We all love Netflix around here of course, but I don’t think many people realize that Hulu is also a really great resource to seek out some surprisingly diverse series that might not be available on the former streaming service. And when it comes to British comedies, I’m sorry but Hulu kind of beats the crap out of Netflix. Sure, most everyone is familiar with Spaced, The Office and The Thick Of It (at least I hope), but there’s so much more out there that’s really worth your time. Here are a cool half dozen, in no particular order:
The Trip (1 out of 1 season) — The Trip follows Steve Coogan, most famous in the UK for his ‘Alan Partridge’ character, and his friend Rob Brydon (both playing fictional versions of themselves) touring some of Britain’s finest restaurants after Coogan’s girlfriend dumps him and forces him to find a new companion. The premise of the show is simple: Watching grown men eat at some of the most amazing Michelin-starred restaurants while awkwardly bickering like children. There is also some underlying tension due the insecurity that Coogan, a lifelong bachelor with nothing to show other than a string of failed relationships, feels towards Brydon, a seemingly happy family man. It’s a riveting watch and you can probably do it over the course of an afternoon.
Peep Show (8 out of 8 seasons) — I gotta say, and I know a bunch of you out there agree with me, but it is ABOUT DAMN TIME Peep Show gets some love on UPROXX. Peep Show isn’t just one of the funniest British comedy series ever, it is one the the funnest series ever. The plot centers on Mark Corrigan (David Mitchell) and Jeremy “Jez” Usbourne, (Robert Webb) two friends living together who are complete opposites. While that doesn’t sound tremendously original, the catch (and reason for the title) is that it’s shot from either Mark or Jez’s perspective, allowing you to see what they see and hear what they think — both of them being terrible people. The final season kind of falters, but if you watch anything on this list, make it this.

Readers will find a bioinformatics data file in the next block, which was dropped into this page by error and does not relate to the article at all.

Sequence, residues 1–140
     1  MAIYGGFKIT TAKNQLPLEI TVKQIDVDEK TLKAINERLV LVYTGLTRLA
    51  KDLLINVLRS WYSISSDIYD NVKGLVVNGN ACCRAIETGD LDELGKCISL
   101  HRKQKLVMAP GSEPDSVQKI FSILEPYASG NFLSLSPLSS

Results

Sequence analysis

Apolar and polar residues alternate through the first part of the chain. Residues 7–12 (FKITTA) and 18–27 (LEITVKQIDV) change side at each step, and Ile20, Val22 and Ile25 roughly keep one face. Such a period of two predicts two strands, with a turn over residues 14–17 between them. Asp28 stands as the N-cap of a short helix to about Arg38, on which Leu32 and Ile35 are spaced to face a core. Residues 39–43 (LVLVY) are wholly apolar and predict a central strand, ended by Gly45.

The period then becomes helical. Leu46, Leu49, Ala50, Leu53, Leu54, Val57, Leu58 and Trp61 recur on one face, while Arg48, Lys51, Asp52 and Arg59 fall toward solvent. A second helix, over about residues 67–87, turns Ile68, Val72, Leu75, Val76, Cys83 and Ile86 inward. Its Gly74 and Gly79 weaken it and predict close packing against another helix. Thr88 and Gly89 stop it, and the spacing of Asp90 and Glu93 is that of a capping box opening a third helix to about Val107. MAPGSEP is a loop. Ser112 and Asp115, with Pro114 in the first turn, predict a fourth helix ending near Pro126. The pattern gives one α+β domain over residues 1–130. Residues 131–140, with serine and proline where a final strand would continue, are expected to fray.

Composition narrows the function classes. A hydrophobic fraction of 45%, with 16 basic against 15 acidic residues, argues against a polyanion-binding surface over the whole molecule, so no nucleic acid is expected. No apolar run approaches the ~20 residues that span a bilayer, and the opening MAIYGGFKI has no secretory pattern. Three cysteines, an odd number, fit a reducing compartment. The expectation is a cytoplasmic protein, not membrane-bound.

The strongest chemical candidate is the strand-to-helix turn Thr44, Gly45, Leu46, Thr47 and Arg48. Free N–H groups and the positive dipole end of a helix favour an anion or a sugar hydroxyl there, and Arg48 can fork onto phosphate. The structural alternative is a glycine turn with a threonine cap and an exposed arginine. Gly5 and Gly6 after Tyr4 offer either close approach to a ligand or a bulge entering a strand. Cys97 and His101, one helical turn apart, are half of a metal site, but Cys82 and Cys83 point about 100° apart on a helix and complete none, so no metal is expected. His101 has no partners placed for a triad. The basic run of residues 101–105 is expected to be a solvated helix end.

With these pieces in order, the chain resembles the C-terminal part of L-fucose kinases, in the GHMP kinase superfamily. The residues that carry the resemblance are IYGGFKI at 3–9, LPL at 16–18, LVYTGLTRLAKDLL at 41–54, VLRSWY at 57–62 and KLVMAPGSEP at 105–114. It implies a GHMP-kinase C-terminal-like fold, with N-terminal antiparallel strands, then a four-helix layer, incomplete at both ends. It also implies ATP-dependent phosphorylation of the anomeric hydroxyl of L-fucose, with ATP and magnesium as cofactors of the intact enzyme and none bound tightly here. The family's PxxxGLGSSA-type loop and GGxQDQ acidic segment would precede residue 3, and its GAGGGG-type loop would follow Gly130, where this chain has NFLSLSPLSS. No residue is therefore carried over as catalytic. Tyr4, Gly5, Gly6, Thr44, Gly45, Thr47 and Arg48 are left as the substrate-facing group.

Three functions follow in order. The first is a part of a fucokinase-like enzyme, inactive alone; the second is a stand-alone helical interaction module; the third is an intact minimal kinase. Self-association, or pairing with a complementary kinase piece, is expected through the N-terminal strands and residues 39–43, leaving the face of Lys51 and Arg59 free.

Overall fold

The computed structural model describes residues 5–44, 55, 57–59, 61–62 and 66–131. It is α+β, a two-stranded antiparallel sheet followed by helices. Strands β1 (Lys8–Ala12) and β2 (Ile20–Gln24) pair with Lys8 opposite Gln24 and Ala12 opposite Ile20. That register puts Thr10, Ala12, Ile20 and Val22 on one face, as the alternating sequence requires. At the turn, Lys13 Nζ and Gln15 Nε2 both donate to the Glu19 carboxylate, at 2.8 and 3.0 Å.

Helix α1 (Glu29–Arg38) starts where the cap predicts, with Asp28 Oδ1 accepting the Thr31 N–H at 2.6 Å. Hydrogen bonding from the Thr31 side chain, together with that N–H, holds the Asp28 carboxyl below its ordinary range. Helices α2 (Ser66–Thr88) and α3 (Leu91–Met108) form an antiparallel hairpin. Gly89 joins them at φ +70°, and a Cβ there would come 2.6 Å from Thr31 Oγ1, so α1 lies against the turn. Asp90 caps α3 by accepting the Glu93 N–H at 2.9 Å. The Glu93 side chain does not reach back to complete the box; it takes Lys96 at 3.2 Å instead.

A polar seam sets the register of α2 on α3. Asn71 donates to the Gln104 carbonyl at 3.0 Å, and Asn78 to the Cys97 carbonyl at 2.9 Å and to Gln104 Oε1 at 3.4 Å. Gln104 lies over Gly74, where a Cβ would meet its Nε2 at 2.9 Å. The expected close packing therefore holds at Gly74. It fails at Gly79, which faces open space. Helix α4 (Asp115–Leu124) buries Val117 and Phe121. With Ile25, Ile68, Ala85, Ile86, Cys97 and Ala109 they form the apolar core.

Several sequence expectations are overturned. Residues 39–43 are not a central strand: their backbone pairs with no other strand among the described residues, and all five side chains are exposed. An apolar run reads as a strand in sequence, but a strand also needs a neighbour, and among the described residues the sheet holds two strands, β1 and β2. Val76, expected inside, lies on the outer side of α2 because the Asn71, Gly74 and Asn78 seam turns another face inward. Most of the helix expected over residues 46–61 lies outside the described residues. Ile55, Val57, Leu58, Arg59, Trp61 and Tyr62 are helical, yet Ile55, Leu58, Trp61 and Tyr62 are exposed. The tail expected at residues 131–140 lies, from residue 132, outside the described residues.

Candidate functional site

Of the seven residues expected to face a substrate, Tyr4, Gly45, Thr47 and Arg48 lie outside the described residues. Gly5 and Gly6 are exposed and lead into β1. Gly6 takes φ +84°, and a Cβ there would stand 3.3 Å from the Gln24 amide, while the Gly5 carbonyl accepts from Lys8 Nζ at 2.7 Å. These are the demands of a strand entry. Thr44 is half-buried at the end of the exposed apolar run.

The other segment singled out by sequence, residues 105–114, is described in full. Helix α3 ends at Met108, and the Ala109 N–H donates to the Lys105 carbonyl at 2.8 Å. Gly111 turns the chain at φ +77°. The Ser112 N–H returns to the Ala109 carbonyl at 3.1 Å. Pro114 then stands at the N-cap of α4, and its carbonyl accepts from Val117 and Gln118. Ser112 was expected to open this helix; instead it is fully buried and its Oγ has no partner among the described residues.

That Mitchell and Webb Look (4 out of 4 seasons) — Which naturally takes us to That Mitchell and Webb Look. Created by the aforementioned David Mitchell and Robert Webb, That Mitchell and Webb Look is a wacky yet wry sketch comedy series with just the right of observational humor thrown in. Numberwang!
Fresh Meat (2 out of 3 seasons) — Whenever I describe Fresh Meat to anyone, I basically tell them: It’s like British Undeclared. But kind of better. (Yeah, I went there.) The first season takes a bit to find its footing but once it does, it’s phenomenal. Fresh Meat follows a group of college freshman who get assigned to live in a house together and become unlikely friends despite varying backgrounds and personalities. Jack Whitehall, actor and standup comedian who plays posh J.P, is easily the standout of the series. Unfortunately the third season is not yet available in the states but it only continues to get better.
Moone Boy (1 out of 1 season) — You guys. I can’t even with this show. It’s so over the top twee but yet still so funny and heartwarming and so amazing. I mean, look: It stars Chris O’Dowd as AN IMAGINARY FRIEND TO A LITTLE BOY. That is really all you need to know, but I’ll go on. Martin Moone (David Rawle) is a precocious 12-year-old boy trying to keep his head above water living in a small Irish town with his quirky yet dysfunctional family. While the premise alone is fantastic enough, the wacky family provide an additional dose of comedy as well, giving it kind of a Malcolm in the Middle feel to it. The series is also created and written by O’Dowd, and is semi-autobiographical. It premiered in 2013 and has already won several awards.
Whites (1 out of 1 season) — OK, maybe Whites isn’t one of the best British series out there, centering on former hotshot chef Roland White (Alan Davies) who apathetically runs a kitchen he feels below himself — however it does have a pretty decent supporting cast, so it’s worth mentioning. For anyone who is already a fan of Peep Show, Issy Suttie (Dobbie) and Matt King (Super Hans) make up the supporting cast. Whites was cancelled after one season.
Note: While I realize in the UK they refer to “seasons” as “series,” this is how they’re listed on Hulu so this is how I displayed them. Although I’m sure at least one person will still point this out in the comments.